A couple of months ago, Google announced that it would be suspending development of yet another messaging app to focus on Android Messages and to help carriers adopt Google Chat, a new messaging protocol based on RCS that should make texting a whole lot better.
So today, as part of the transition, Google is bringing over some of the best features from the now-abandoned Allo chat app over to Android Messages, including the ability to send texts from your computer, a built-in GIF searching tool, smart replies, and previews for links.
Similar to how desktop messaging functions in Allo, to send texts in Android Messages on your computer you'll need to visit this site and then point your phone's camera at the QR code that pops up to authenticate your account. From there, you'll be able to send and receive texts from inside your browser as if you were using you phone.
However, it seems Google hasn't turned on the feature for everyone just yet, so if it doesn't work for you right now, try again later this week after the update rolls out to more people.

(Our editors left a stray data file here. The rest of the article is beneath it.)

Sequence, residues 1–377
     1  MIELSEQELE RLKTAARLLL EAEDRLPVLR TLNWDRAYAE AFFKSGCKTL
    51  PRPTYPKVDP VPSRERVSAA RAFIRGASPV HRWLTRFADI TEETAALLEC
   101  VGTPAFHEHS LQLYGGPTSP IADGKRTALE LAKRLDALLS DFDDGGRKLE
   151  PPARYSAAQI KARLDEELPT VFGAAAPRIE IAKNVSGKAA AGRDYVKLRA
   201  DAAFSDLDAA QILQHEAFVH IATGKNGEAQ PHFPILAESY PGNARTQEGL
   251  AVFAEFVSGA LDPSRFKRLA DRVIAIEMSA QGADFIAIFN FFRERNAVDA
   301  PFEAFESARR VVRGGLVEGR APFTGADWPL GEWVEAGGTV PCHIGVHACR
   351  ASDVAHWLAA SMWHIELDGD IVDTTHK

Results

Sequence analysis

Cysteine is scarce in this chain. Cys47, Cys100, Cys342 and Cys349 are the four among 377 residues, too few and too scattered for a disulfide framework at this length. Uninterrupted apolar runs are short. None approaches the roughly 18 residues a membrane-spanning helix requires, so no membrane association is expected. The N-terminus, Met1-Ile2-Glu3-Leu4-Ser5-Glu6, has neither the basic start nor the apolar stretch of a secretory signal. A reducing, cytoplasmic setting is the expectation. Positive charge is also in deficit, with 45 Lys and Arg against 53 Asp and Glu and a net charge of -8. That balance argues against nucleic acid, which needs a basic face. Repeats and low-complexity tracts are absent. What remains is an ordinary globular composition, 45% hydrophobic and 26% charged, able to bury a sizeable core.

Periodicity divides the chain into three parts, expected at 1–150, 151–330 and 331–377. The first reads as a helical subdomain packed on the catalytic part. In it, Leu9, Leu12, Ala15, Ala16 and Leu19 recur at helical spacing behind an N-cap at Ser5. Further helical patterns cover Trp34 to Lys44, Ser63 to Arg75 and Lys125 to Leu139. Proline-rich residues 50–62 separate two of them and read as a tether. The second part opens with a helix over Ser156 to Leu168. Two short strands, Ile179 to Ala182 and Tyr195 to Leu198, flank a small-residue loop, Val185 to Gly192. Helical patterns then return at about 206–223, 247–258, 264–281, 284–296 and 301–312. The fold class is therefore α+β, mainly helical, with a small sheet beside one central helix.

This is what the Android Messages desktop login looks like. Screenshot: Google
If you're looking to send some animated GIFs, all you have to do is type a term into the chat window and, instead of pressing the send icon, hit the one that says "GIF Search". From there, Google will give you a sample of lightweight clips that you can paste directly into your conversation.
As for preview links, which provide little snippets of context about specific websites, those should just appear automatically whenever someone drops a hyperlink in a text.
And if you're too busy to respond by typing out a text yourself, smart replies will give you a few quick, AI-generated responses based on what Google thinks you might say. That said, Google doesn't always guess correctly, but smart replies can still be useful from time to time.
The fifth and final addition to Android Messages is a new feature that lets you automatically copy one-time passwords and verification codes directly from a notification, which should make it easier to paste the password in later when you're logging into an app that uses texts as a form of two-factor authentication.
As someone who still uses Allo, it's a bit disheartening to watch as Google so casually guts all the things that made the service so promising back in 2016. But with Google's push to make texting better as a whole, it makes sense, even if a lot of people wish Google would just make an iMessage clone for Android instead.